Sunday, October 11, 2009

The Keeper of the Keys

This is the post I've been meaning to write.  Actually, I've started my last 3 posts with that title, and have then had to change it.  I also started my last post with that 1st sentence that then had to change it when I found myself on a different track yet again.  I don't know for sure, but I think this is it for real this time.  I'm confident that this is it.  I think.

What do you know about kingdoms in the Middle East in the 1st century?  I don't know much, but what I've learned is interesting.  A city had to be fortified by a wall. This wall kept the intruders out, especially those that would be a danger to the city and its inhabitants.  Letting in the wrong people could be disastrous, as the people of Troy found out.

Who decides who gets to come in and who will be denied entry?  Ultimately, it's the king.  I'm not sure of the whole process; my guess would be that he would leave standing orders as to who could enter and who couldn't.  When the king was away, this task of deciding who would enter and who would not falls to the keeper of the keys.  Now, the keeper is not deciding based on his own choice, but based on what the king would want.

In the Israelite kingdom, the keeper of the keys became the position that was held by the second in command.  I'm can't remember what the official title was, but the type of position would be the same as what Joseph had in the house of the pharaoh.  When the king would have to be gone to war or whatever, they couldn't call him up to ask for his decision on things, so they would have to rely on the king's trusted second in command.

When Jesus promised Peter the keys, He was giving him an office.  Not only that, but it was an office that required succession.  For me, there is a passage in Isaiah that sheds some light on this whole thing.

In chapter 22, God sends Isaiah to Shebna, the steward, to tell him that he will be cast down for the evil he has done.  However, notice that it is a necessary office.  Therefore, when Shebna is thrust from the office, Eliakim will take his place.

Verses 20-22:
"In that day I will summon my servant, Eliakim son of Hilkiah.  I will clothe him with your robe and fasten your sash around him and hand your authority over to him.  He will be a father to those who live in Jerusalem and to the house of Judah.  I will place on his shoulder the key to the house of David; what he opens no one can shut, and what he shuts no one can open."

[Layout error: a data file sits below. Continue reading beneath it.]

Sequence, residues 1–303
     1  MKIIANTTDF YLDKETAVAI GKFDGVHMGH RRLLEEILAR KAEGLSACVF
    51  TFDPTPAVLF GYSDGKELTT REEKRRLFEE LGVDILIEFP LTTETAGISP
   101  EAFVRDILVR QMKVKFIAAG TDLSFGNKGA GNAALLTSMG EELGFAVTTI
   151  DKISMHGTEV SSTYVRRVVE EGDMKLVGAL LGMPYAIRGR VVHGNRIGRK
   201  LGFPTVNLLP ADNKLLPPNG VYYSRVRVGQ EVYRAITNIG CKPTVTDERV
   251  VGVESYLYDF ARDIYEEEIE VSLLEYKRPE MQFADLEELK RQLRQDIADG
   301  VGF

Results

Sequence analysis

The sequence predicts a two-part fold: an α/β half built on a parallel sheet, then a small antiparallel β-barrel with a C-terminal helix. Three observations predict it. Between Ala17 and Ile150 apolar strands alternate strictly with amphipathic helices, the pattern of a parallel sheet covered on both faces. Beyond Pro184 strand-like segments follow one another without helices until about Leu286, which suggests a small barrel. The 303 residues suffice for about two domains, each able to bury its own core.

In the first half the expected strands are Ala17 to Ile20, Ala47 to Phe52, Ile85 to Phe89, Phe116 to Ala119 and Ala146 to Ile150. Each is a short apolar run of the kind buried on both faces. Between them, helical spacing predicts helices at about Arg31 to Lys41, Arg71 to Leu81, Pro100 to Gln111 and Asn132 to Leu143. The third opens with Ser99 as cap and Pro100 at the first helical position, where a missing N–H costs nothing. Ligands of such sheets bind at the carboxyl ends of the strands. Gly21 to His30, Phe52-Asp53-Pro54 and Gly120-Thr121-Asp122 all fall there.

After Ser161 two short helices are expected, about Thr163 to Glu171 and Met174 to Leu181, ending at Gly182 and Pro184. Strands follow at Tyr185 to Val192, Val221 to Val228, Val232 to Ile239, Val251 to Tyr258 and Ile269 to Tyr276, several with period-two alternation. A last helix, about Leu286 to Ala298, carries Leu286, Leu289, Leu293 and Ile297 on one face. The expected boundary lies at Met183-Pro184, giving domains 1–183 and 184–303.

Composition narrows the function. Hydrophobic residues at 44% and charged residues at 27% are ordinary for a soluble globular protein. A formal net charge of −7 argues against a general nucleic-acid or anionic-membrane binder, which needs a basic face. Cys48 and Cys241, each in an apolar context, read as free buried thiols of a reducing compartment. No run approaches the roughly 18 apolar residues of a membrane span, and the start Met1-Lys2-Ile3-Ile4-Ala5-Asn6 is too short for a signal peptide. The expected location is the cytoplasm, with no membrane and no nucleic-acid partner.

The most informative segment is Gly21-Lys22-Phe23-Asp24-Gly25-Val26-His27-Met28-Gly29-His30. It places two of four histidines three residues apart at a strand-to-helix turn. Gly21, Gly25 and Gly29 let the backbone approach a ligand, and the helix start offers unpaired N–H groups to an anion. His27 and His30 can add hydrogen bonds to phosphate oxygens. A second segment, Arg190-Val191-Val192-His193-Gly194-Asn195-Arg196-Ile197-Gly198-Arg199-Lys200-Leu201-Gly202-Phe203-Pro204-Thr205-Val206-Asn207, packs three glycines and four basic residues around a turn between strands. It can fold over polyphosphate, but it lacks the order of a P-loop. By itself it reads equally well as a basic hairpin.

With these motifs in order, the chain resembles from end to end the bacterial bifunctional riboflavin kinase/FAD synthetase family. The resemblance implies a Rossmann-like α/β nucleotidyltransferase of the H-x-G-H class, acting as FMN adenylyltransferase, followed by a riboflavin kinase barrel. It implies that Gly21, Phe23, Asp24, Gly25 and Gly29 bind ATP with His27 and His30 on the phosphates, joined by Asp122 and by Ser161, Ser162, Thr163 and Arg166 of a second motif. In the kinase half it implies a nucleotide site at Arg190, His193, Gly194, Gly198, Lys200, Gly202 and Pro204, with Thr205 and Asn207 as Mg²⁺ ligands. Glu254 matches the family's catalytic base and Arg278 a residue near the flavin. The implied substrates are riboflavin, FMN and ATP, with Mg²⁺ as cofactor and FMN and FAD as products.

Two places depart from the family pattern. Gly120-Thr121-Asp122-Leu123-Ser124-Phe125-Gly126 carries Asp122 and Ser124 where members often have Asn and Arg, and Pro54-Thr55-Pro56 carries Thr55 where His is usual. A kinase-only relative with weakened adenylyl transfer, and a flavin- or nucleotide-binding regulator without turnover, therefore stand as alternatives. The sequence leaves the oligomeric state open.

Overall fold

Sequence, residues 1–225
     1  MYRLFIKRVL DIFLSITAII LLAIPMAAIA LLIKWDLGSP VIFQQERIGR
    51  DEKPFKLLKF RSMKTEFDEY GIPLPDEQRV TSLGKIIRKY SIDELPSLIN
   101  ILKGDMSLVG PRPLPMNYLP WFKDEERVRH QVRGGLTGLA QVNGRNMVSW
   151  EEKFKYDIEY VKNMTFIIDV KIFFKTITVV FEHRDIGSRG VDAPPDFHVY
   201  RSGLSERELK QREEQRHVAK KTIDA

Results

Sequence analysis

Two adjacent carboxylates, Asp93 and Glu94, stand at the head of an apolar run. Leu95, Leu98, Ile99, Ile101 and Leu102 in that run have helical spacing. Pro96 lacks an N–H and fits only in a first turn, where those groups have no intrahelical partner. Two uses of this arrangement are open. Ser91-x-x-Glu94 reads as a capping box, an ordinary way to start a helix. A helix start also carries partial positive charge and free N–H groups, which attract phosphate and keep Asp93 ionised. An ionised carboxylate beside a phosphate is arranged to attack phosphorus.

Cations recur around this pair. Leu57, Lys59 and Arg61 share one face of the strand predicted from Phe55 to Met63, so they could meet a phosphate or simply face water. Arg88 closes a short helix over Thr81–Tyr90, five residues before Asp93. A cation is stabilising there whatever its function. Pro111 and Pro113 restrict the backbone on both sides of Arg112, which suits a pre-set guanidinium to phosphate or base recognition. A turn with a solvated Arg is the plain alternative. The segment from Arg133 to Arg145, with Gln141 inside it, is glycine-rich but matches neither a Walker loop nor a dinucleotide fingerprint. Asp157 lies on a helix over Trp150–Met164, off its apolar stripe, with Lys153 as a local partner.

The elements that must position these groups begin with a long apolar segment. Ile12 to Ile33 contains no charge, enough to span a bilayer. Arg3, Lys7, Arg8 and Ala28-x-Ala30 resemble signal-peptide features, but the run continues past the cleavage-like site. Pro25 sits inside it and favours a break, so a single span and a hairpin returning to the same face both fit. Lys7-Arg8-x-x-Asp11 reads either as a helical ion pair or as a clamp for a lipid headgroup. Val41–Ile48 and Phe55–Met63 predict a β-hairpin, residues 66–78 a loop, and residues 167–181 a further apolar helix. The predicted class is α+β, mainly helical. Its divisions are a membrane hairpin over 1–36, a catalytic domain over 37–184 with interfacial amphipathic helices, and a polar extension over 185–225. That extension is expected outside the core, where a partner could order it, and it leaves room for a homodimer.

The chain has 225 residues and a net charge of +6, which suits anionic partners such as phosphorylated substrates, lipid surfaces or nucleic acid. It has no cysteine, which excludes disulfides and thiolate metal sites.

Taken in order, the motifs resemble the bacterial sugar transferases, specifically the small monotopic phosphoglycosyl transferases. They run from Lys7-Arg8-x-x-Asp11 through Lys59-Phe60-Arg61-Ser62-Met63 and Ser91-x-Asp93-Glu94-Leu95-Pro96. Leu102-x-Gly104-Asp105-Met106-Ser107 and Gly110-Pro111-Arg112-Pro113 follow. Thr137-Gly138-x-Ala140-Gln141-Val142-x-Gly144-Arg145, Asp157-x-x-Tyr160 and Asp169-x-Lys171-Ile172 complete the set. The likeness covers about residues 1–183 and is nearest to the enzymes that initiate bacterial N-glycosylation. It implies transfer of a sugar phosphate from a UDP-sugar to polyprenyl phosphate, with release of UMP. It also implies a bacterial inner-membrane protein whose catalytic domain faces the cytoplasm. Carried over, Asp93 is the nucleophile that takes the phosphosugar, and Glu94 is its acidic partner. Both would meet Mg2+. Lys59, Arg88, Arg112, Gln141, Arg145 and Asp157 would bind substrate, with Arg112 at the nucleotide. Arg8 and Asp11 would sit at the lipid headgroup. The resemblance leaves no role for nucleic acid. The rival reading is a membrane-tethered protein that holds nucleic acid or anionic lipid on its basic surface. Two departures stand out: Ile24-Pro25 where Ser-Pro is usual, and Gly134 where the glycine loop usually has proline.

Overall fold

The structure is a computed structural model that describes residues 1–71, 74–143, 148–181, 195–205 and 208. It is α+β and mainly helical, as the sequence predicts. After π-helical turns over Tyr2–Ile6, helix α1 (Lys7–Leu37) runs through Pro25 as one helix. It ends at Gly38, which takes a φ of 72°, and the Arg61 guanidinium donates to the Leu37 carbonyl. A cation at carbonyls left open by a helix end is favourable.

I also think of Lord of the Rings sometimes when I am thinking about the office of the pope.  In Minas Tirith, the steward and his family ruled the kingdom for many years while the king was away.  That always strikes me as the situation that we have here on earth while the King reigns in heaven.  It is not that our King is not present, like an earthly king who can't be in two places at once.  However, even though Jesus is present, He has left us someone that will be a father to us ("pope" comes from a Greek word meaning "papa" or "father").  Someone who has the authority to definitively make statements about matters of faith and morals; to definitively "open" or "shut" a matter.

To sum up my inadvertent series on the pope:

The pope is infallible, but he is not perfect.

The pope does not make things up on his own, but relies on what is revealed to him by the Father.  Also, he is generally not the only one to realize these things, but is the spokesperson for the whole Church, and the one with the authority to settle a question when there is confusion.

The pope's job is to defend the truth, not to make it up.

The pope is not the ultimate head of the Church, Jesus is.  The pope is the steward here on earth who has the task of guiding the Church while we wait for Jesus' return.

~~~

Wow!  That really was the post that I meant to write!  I know that I haven't been the best at giving sources, but a great resource is Jesus, Peter and the Keys by Butler, Dahlgren and Hess. I wouldn't say that it's the most fun read ever, but it does all those scholarly things like give references and builds an explanation based sources and all that good stuff.


2 comments:

  1. That was one great post! Easy to understand and get one's head around. The thing that trips a lot of non-Catholics up is the idea that the Pope is infallible even though he is a human being and we are ultimately fallible. I'd love to see you write a post on that subject and explain how that works. I haven't taken it on myself because I don't think I could do it with accuracy -and- simplicity. I bet you could, though. ((hint hint!))

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